This article originally ran on September 28, 2008 ]
Why did the Midwest fall behind? Why do its big cities continue to lag the top performers nationally? It’s easy to blame this on structural problems, but could the problem simply be a lack of will to compete?
Burgh Diaspora points us at this Time magazine article on Charlotte. As I previously noted about Nashville, Charlotte is a city of high ambition. They look at the boomtowns of the region like Atlanta, Dallas, and Phoenix and say, “Why not us?” Quoting:
“‘To understand Charlotte, you have to understand our ambition,’ says chamber of commerce head Bob Morgan. ‘We have a serious chip on our shoulder. We don’t want to be No. 2 to anybody.’ Civic leaders often compare their city to New York, Chicago, and even London.”
London? Ok, there’s more than a whiff of hubris in this Charlotte story. They claim to be the #2 banking center, but that only includes commercial banking, and is a heckuva lot less true after one of its two champions, Wachovia, got swallowed up by Wells Fargo. And their claim to having weathered the housing storm successfully is belied by the fact that Charlotte is ground zero for the edge subdivision turned nouveau slum story.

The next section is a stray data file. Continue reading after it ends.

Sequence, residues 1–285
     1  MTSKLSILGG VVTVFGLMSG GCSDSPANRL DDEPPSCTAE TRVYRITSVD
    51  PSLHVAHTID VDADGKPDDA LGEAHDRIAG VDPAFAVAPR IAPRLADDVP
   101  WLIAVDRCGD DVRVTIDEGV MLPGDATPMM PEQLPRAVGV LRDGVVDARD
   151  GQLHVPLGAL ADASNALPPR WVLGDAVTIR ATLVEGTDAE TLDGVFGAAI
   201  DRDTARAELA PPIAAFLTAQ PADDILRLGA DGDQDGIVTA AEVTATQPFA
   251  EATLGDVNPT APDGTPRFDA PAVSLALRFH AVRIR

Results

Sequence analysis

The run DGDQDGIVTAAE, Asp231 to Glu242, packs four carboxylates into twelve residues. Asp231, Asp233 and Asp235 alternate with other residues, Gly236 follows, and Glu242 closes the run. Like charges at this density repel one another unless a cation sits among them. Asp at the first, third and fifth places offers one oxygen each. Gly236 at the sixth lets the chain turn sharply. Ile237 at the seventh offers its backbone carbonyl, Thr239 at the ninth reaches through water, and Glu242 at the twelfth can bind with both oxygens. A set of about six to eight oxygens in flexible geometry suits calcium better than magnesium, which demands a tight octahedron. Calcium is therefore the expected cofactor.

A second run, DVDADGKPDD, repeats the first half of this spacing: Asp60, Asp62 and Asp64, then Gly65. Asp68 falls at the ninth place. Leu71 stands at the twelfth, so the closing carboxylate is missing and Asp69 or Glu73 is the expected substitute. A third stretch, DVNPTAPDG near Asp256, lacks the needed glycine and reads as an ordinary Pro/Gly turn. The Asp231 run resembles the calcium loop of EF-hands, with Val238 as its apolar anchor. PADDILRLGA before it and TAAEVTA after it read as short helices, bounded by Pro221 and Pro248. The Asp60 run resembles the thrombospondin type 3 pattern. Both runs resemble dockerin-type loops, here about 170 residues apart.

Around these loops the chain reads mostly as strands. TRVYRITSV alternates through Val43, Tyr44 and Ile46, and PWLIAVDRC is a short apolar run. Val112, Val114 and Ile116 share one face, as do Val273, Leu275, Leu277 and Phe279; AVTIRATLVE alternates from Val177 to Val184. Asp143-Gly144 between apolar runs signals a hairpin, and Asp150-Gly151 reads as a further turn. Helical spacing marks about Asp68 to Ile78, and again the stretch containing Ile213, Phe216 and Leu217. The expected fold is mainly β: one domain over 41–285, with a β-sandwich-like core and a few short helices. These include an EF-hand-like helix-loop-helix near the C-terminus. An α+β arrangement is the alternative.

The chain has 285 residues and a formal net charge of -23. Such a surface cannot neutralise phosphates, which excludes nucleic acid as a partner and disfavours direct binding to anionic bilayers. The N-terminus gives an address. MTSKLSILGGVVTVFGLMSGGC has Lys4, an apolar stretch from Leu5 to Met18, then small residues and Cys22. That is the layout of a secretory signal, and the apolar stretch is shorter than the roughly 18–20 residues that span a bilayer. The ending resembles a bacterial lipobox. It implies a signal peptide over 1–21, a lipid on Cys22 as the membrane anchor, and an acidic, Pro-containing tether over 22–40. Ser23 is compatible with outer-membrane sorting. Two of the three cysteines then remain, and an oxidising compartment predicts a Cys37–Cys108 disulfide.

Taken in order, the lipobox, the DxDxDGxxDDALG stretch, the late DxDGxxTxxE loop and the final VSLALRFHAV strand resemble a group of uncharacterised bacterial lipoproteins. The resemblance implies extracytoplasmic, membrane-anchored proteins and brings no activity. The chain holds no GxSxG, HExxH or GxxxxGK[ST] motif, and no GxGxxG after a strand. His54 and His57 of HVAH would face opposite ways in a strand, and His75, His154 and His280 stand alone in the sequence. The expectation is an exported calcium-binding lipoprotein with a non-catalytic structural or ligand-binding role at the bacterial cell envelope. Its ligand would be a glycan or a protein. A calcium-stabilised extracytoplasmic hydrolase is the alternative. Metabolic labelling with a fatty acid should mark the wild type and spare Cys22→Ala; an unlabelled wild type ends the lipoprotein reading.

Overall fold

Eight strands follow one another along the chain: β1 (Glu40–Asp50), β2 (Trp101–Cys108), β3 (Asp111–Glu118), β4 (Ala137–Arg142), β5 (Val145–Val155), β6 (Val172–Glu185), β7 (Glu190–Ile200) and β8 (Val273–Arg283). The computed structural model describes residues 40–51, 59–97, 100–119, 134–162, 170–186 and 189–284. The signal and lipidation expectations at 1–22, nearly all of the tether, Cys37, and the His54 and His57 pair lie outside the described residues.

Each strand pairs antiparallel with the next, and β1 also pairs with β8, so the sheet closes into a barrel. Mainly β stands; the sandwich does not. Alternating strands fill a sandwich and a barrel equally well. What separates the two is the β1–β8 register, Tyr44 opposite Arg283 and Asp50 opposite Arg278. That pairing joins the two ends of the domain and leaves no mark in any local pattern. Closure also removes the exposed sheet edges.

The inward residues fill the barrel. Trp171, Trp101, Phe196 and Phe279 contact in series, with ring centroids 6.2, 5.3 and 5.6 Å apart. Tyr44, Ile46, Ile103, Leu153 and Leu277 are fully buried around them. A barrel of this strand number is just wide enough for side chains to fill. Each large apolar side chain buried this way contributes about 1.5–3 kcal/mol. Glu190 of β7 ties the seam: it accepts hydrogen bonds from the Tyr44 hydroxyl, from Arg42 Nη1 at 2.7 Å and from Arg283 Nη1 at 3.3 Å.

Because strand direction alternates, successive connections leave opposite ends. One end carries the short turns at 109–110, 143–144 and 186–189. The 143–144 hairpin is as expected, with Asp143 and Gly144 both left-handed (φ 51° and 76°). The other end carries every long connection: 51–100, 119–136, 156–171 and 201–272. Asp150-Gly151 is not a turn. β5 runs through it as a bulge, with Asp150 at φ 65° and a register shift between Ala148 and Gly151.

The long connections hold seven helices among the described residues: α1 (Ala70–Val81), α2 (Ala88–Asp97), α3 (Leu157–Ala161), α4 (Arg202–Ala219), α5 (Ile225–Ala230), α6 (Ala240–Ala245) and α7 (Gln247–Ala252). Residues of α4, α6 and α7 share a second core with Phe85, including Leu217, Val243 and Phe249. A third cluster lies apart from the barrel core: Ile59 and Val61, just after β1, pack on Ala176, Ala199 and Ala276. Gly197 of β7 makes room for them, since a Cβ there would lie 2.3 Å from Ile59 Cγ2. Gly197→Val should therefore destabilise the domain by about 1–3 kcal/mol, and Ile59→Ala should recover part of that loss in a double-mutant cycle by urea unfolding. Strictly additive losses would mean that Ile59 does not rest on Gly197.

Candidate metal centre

Still, when you compare it to most Midwestern burbs, the difference in sheer ambition is astounding. Charlotte measures itself against London, New York, and the top cities of the world. Most Midwestern cities other than Chicago and Minneapolis would be happy to be known as the “Star of the Rust Belt”. That’s like saying your ambition is to win the losers bracket in the JV playoffs again this year. The Midwest has, to a great extent, even given up on competing. When I talk to my colleagues in India or Argentina, what strikes me is how hungry they are. These are people who’ve gotten a taste of success and are desperate for more. They want to hit it big and take what they see as their rightful place in the new world order – and they are willing to kill themselves to get there. The most astounding thing to me is the work ethic in India. Here’s a place where it is still dotcom 1999. Anybody on my team there could literally walk across the street for a 30-50% bump. But instead they are in the office Saturdays and Sundays, killing themselves to hit the deadline. Places like Charlotte, Nashville, etc. have a bit of that same attitude. The Midwest, by contrast, sits, as Richard Longworth put it so well of Cleveland, “sour and crumbling”, unable to even muster the will to understand the world it is in, much less complete in it.